3        # Iterate through each number in the input list
4        for number in nums:
5            # Use the absolute value to find the index (since we might have negative values due to marking)
6            index = abs(number) - 1
8            # Mark the number at this index as visited by making it negative
9            # Only mark it if it is positive (to handle duplicates, ensure only marked once)
10            if nums[index] > 0:
11                nums[index] *= -1
13        # After marking all numbers, the positive numbers' indices are the missing ones
14        # Iterate through the list, and for each positive number, the index + 1 is a missing number
15        missing_numbers = [i + 1 for i, x in enumerate(nums) if x > 0]
17        return missing_numbers
1class Solution {
3    /**
4     * Finds all the elements of [1, n] inclusive that do not appear in the array.
5     *
6     * @param nums Array of integers ranging from 1 to n, possibly containing duplicates.
7     * @return A list of integers that are missing from the array.
8     */
9    public List<Integer> findDisappearedNumbers(int[] nums) {
10        int n = nums.length;
12        // Iterate over each number in the array.
13        for (int num : nums) {
14            // Use absolute value in case nums[i] has been marked negative already.
15            int index = Math.abs(num) - 1;
17            // Mark the number at index i as negative if it's not already.
18            if (nums[index] > 0) {
19                nums[index] = -nums[index];
20            }
21        }
23        // Create a list to hold the result of missing numbers.
24        List<Integer> missingNumbers = new ArrayList<>();
26        // Check for numbers that were not marked negative.
27        for (int i = 0; i < n; i++) {
28            // If the number is positive, the number (i + 1) is missing.
29            if (nums[i] > 0) {
30                missingNumbers.add(i + 1);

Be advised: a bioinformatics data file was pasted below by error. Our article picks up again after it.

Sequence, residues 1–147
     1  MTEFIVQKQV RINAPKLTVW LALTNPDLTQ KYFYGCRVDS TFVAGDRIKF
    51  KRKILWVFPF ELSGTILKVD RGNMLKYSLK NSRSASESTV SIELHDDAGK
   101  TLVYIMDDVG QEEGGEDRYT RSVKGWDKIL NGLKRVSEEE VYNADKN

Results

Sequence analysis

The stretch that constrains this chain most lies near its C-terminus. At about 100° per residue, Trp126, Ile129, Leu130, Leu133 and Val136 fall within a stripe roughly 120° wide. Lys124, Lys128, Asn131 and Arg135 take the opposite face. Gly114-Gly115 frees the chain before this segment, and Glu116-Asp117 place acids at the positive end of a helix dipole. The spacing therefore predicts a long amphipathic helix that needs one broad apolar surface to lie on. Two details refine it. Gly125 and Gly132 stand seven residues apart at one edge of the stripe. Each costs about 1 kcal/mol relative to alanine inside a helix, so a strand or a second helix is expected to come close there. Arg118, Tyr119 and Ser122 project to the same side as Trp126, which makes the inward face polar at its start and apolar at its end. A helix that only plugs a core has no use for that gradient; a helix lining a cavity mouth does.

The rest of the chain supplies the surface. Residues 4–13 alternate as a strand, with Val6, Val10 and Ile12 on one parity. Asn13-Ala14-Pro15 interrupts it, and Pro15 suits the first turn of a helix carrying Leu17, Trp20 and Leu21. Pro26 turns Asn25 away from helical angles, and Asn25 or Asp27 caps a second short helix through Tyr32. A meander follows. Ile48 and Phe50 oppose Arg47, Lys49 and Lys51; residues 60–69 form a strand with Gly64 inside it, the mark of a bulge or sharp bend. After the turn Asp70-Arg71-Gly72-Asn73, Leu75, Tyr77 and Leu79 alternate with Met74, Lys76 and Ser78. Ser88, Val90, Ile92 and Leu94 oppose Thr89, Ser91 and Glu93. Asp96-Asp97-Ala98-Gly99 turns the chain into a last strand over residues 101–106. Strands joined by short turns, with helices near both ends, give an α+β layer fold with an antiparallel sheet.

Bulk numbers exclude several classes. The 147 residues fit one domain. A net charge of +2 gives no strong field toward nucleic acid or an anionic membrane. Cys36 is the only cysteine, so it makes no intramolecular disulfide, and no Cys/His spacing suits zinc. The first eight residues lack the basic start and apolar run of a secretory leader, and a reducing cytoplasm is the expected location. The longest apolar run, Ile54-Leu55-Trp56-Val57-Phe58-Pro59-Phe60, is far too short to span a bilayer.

31            }
32        }
34        return missingNumbers;
35    }
1class Solution {
3    vector<int> findDisappearedNumbers(vector<int>& nums) {
4        int size = nums.size(); // Get the size of the input vector
6        // Iterate over all elements in the input vector
7        for (int& num : nums) {
8            int index = abs(num) - 1; // Calculate the index from the value
10            // If the value at the calculated index is positive, negate it
11            // Negation marks that the number at 'index + 1' exists in the array
12            if (nums[index] > 0) {
13                nums[index] = -nums[index];
14            }
15        }
17        vector<int> result; // Initialize an empty vector to store missing numbers
19        // Iterate over the numbers from 1 to n and find which indices have positive values
20        for (int i = 0; i < size; ++i) {
21            // If the value at index 'i' is positive, it means 'i + 1' is missing
22            if (nums[i] > 0) {
23                result.push_back(i + 1); // Add the missing number to the result vector
24            }
25        }
27        return result; // Return the vector of missing numbers
28    }
1function findDisappearedNumbers(nums: number[]): number[] {
2    const size = nums.length; // The size of the input array 'nums'.
3    // Mark each number that appears in the array by negating the value at the index
4    // corresponding to that number.
5    for (const num of nums) {
6        const index = Math.abs(num) - 1; // Calculate the correct index.
7        // Negate the number at the index if it is positive.
8        if (nums[index] > 0) {
9            nums[index] = -nums[index];
10        }
11    }
13    // Initialize an array to hold the numbers that did not appear in 'nums'.
14    const missingNumbers: number[] = [];
15    // Traverse the array to find the indices that contain a positive number, which
16    // indicates that the number corresponding to that index did not appear in 'nums'.
17    for (let i = 0; i < size; i++) {
18        if (nums[i] > 0) {
19            missingNumbers.push(i + 1); // Add the missing number to the result array.
20        }
21    }
23    // Return the array containing all the missing numbers.
24    return missingNumbers;

Time and Space Complexity

The time complexity of the provided code is O(n). This is because the code consists of a single loop that goes through the nums array with n elements exactly once, marking each number that has been seen by negating the value at the index corresponding to that number. The loop to create the output list also runs for n elements, so the entire operation is linear.

The space complexity of the code is O(1), as it only uses constant extra space. The input list is modified in place to keep track of which numbers have been seen. The list of disappeared numbers is the only additional space used, and it's the output of the function, which typically isn't counted towards space complexity.

Learn more about how to find time and space complexity quickly using problem constraints.